I like this article from Aish about cooperation from children because the author, Meir Wikler, expects children to help out as a matter of course. We shouldn’t need to give prizes or even stickers to our children every time they help us, nor inflict a “consequence,” even a “natural” one, on our flesh and blood when they fail to do as we ask.
When assignments are not completed on time, or worse, not completed at all, you face a more difficult challenge. At such times you must walk a tightrope, avoiding abrasive displays of resentment, on the one hand, while steering clear of minimizing the transgression on the other.
It’s not easy to put this into practice; old habits like threatening and yelling die hard. However, these techniques don’t seem to work in the long run (and for me, not even in the short run). The methods described in the linked article have worked for me, except that I find it best to let children choose the chores they want. Does it always go smoothly? No. Are there things I can do to improve the situation? Always.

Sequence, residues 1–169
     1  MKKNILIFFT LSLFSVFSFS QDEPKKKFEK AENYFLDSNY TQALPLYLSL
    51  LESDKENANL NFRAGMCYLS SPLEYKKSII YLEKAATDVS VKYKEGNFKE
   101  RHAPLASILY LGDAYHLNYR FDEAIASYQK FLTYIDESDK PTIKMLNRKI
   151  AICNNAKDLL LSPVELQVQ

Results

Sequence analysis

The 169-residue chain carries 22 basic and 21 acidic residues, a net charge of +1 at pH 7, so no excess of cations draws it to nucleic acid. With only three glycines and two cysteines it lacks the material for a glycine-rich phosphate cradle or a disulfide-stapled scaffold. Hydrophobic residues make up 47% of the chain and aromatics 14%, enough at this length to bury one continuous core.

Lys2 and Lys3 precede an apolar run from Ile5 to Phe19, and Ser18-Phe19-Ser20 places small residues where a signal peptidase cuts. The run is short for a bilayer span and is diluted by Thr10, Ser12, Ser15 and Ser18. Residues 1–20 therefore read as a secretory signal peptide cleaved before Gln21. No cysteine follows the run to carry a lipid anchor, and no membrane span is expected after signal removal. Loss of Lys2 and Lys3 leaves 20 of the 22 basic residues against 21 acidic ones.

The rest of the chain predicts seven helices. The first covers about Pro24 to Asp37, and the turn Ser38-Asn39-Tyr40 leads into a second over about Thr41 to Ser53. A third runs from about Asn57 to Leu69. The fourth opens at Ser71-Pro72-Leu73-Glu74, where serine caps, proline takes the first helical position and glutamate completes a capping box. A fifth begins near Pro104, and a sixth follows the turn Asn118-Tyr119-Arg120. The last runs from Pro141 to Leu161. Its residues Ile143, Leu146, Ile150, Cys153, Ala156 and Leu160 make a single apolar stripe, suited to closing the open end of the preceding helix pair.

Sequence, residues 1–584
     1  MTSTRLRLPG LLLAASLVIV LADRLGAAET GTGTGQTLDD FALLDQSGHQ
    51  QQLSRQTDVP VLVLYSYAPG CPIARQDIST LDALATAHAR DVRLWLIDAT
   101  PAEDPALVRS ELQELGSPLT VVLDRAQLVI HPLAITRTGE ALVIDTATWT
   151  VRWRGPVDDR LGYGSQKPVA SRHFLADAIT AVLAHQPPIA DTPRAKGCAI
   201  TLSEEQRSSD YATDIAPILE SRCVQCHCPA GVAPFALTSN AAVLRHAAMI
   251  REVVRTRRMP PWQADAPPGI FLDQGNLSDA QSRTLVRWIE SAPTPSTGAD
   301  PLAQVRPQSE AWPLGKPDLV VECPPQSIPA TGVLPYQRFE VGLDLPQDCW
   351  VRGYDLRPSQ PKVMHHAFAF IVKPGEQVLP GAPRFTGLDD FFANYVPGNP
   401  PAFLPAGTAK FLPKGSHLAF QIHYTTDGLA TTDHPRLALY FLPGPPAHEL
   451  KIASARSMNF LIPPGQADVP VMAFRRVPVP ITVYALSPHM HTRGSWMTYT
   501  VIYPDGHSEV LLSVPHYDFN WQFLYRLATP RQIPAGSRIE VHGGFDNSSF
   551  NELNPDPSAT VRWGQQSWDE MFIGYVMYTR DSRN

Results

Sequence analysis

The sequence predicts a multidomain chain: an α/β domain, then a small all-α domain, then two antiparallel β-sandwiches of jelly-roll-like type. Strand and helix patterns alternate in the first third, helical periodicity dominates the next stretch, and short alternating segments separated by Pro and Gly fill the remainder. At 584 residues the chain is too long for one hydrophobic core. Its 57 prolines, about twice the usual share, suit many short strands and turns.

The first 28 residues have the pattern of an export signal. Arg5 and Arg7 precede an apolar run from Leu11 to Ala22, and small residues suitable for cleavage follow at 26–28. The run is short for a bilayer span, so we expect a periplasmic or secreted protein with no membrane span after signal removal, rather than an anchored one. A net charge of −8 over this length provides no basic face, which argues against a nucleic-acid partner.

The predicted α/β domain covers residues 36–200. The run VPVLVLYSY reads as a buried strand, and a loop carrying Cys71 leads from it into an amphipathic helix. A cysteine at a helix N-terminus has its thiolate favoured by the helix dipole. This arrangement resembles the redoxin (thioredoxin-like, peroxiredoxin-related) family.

What’s the problem with rewards? Well, I don’t like the extra work they entail: keeping track of who did what and figuring out what the reward should be and providing it. I can’t keep up with that in the long term. I feel the same about both material rewards and “parent time” rewards, like an extra story. I want my kids to do chores simply because the children are an important part of the family and old enough to share the responsibility of the housework.
I have a friend who teaches her children that rewards are a short-term tool to help develop new habits, not a prize for doing what they need to do anyway. That makes sense, but I haven’t tried it.
Blogging will be light for the next week or two, because of some real-life events, but please comment away!